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Unformatted text preview: e felt, the truth must be forced from most people. Moreover, passion blinds, and
the natural and astonishing inaccuracy in observation and reporting that every psychologist knows is
multiplied wherever great emotions are at work. If perjury were really punished, the business of the courts
would be remarkably increased.
 Not only is this true in law but in all controversy, whether theological, scientific, social or personal, the
ego-feeling enters in its narrowest and blindest aspects to defeat honor, justice and truth.
All this is normal lying,--not habitual but occurring under certain circumstances. As clearly motivated is the
lying of the braggart, the one who invents stories that emphasize his exceptional qualities. The braggart
however is a mere novice as compared with the "pathological liar," who does not seem able to tell the truth,
who invents continually and who will often deceive a whole group before he is found out. The motive here is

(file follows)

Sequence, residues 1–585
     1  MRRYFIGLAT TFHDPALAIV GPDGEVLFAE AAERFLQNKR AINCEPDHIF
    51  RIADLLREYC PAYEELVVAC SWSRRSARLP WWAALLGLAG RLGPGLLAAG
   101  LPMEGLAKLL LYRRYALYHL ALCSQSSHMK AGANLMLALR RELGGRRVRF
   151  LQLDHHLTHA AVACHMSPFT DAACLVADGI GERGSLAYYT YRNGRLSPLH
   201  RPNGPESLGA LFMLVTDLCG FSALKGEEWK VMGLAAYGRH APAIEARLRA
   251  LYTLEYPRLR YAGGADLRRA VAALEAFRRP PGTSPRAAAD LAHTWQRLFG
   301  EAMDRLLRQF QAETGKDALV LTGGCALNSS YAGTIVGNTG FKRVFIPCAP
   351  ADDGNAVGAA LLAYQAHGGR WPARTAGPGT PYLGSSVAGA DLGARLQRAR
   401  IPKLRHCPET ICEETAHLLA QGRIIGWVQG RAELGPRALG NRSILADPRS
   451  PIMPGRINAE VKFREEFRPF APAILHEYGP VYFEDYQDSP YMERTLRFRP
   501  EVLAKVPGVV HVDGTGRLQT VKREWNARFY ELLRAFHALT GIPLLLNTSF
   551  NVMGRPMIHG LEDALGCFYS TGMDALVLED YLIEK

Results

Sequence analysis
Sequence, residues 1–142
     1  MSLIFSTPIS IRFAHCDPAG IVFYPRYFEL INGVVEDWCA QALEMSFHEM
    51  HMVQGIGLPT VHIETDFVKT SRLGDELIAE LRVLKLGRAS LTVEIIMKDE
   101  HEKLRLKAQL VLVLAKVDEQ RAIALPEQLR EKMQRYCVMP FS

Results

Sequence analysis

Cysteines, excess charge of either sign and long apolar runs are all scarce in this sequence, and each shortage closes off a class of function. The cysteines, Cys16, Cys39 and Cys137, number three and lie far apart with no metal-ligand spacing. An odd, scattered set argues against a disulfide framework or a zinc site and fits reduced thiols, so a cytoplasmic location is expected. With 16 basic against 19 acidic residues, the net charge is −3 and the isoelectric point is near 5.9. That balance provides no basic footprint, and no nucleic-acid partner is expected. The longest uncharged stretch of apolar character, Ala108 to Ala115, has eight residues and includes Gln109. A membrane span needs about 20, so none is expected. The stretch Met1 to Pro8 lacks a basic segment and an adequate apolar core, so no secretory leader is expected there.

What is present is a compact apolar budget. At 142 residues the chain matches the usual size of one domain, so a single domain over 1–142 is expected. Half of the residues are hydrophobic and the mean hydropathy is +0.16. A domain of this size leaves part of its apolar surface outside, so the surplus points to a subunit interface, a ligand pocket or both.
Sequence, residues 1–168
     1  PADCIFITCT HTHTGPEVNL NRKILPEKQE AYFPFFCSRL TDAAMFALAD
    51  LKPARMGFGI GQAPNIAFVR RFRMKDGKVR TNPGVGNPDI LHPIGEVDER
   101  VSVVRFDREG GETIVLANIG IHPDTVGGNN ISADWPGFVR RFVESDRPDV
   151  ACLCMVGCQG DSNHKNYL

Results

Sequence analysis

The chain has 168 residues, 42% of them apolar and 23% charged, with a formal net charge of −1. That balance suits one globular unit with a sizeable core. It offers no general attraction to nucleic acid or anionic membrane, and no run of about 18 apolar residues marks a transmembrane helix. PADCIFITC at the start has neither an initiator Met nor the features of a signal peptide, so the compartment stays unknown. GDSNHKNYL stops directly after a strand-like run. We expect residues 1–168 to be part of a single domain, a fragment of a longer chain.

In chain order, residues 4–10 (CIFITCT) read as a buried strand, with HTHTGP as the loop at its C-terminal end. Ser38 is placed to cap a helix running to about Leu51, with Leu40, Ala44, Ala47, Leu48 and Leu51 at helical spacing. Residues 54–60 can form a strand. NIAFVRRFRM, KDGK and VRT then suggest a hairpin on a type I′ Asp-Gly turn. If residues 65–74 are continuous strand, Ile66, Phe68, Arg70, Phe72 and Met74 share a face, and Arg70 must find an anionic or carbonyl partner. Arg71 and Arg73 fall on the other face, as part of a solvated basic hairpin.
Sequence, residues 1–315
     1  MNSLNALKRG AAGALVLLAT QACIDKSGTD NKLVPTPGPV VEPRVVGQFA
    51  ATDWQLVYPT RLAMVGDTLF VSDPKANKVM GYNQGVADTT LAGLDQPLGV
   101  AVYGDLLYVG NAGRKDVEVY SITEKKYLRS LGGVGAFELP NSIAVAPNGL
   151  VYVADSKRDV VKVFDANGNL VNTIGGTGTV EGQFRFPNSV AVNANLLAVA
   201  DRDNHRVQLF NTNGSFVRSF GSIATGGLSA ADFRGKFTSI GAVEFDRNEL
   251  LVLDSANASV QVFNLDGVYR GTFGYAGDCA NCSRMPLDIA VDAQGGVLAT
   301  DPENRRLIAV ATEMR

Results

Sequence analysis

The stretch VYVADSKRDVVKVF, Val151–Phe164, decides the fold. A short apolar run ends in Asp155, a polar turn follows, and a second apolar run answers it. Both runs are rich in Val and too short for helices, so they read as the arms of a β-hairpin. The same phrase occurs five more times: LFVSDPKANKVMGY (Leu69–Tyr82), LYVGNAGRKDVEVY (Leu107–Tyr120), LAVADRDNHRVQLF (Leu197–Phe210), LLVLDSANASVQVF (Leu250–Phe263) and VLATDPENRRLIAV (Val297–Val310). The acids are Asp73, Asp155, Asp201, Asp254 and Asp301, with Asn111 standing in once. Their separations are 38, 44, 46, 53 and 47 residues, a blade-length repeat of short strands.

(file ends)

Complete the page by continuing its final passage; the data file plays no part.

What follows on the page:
that curious type of superiority seeking which is the desire to be piteously interesting, to hold the center of the
stage by virtue of adverse adventures or misfortunes. Hence the wild white-slave yarns and the "orphan child"
who has been abused. Every police department knows these girls and boys, as does every social service
I am afraid we all yield to the desire to be interesting or to make artistic our adventures. To tell of what
happens to us, of what we have seen or said or done exactly as it was, is difficult, not only because of faulty
memory, but because we like to make the tale more like a story, because, let us say, of the artist in us. Life is
so incomplete and unfinished! We so rarely retort as we should have! And a bald recital of most events is not
interesting and so,--the proportions are altered, humor is introduced, the conversation becomes more witty,
especially our share, and the adventure is made a little more thrilling. And each who tells of it adds little or
much, and in the end what is told never happened. "The Devil is the father of lies," run...
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- Spring '11